Best known for his inventive work with bamboo, lauded Vietnamese architect Vo Trong Nghia has a new project that is decidedly less flashy than some of his eponymous firm’s other recent endeavors including tree-topped concrete planter houses.
The second stab at a prototype home designed specifically for low-income residents of the Mekong Delta whose existing — and largely temporary — dwellings have seen better days, S-House 2 offers comfortable, secure, resilient, affordable, and most importantly, permanent housing. While the home’s precast concrete frame is mass produced in the Long An Province, the lightweight rectangular structure truly starts to take form once it is delivered — possibly by long-boat — to its install site.
Prefabrication helps control quality and cost, and future mass production. Precast concrete frame and foundation guarantee predetermined stability and accuracy. The lightweight structure allows smaller foundation and transportability by small boats, since waterways are still the dominant transportation in Mekong Delta. Finishing materials like nipa palm leaves are sourced locally and assembled by dwellers and local workers all within the budget of US$4000 per house.
Topped with a corrugated concrete roof and clad with inexpensive, readily available/easily replaceable materials, S-House 2 was very much designed with the low-lying coastal region’s oppressive tropical climate in mind. The double-layer roof provides shelter from heavy rains, gaps between the roof and the walls offer natural ventilation, and polycarbonate panels provide for ample natural lighting while also serving as doors that can be left open to let in fresh air when the weather allows. In a nod to his beloved "green steel of the 21st century," the interior walls of the dwelling appear to look like thatched bamboo.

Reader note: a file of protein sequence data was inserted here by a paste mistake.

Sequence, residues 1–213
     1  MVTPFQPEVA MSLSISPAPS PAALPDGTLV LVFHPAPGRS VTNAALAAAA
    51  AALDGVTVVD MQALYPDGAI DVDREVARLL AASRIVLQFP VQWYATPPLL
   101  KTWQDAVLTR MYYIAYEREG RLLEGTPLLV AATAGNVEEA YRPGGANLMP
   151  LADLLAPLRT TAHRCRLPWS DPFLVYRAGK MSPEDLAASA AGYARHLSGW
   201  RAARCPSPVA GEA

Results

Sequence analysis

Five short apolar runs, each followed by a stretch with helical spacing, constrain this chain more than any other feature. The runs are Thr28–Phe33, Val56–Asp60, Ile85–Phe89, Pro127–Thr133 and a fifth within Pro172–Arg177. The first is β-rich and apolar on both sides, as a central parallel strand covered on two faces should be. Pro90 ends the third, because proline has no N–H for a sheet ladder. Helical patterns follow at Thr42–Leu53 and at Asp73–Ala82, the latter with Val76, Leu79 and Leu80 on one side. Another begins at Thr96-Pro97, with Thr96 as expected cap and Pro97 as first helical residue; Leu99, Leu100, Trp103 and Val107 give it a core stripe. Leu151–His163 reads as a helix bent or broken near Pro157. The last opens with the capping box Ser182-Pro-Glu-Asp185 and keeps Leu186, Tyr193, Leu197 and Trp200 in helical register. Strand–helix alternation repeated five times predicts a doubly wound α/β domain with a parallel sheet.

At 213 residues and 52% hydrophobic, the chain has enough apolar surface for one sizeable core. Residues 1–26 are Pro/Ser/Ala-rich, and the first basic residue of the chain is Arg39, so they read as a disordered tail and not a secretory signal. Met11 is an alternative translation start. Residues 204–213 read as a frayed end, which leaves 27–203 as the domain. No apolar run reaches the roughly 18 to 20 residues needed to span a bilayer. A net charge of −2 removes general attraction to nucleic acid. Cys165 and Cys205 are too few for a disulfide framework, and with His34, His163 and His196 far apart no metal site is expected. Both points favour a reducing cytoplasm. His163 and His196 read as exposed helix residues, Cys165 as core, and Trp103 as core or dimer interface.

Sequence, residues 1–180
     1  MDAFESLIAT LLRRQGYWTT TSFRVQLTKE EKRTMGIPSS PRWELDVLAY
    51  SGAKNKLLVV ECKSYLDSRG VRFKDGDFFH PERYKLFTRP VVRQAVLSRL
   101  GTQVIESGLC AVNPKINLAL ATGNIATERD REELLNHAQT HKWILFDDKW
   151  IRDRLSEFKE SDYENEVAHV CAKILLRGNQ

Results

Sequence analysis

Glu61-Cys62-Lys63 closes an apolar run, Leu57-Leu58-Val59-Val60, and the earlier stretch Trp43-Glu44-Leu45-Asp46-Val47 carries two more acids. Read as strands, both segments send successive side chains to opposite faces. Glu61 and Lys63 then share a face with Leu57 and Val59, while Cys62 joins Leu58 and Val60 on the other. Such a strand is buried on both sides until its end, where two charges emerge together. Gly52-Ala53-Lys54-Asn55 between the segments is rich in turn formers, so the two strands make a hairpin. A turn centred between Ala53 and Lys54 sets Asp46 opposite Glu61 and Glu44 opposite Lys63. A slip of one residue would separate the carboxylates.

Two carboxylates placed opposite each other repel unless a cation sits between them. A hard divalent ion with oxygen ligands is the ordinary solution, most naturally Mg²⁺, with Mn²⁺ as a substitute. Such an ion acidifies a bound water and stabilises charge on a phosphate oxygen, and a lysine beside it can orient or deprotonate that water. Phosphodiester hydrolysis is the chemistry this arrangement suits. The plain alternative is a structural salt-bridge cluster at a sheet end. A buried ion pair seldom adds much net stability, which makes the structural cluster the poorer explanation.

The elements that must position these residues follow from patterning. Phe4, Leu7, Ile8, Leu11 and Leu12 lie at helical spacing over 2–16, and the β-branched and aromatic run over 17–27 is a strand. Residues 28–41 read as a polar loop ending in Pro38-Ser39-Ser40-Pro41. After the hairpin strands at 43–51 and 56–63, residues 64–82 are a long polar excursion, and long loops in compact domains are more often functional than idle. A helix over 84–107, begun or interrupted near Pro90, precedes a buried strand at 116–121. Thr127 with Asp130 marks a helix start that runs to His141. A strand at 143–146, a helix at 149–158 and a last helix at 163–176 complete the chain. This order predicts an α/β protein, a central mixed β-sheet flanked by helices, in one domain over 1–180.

And although it may seem dainty by some standards, S-House 2 is palatial compared to what many residents of rural southwestern Vietnam are used to, offering three times more living space than the shoddily constructed makeshift shacks that dominate the area.
According to Dezeen, Vo Trong Nghia Architects is already at work developing a third prototype S-Home (the first had a steel frame) that will be even lighter and more simple to build than this second one.
Although a depature from Nghia's city-centric projects, S-House 2 is predominately featured in a recent episode of Rebel Architecture, Al Jazeera English’s fantastic, just wrapped-up series profiling six singular architects “who are using design as a form of activism and resistance to tackle the world's urban, environmental and social crises.” In addition to Nghia, other architects profiled include Ricardo de Oliveria (Brazil), Kunyle Adeyemi (Nigeria), Eyal Weizman (Israel), Yasmeen Lari (Pakistan) and Santiago Cirugeda (Spain).
Green architecture helps people live harmoniously with nature and elevates human life by embracing the powers of the sun, wind and water into living space. If the current way of thinking does not change, sooner or later citizens will actually live in concrete jungles. For a modern architect, the most important mission is to bring green spaces back to the earth.
Do take the time to watch not only the Nghia episode, dubbed “Greening the City,” but Rebel Architecture in its entirety.
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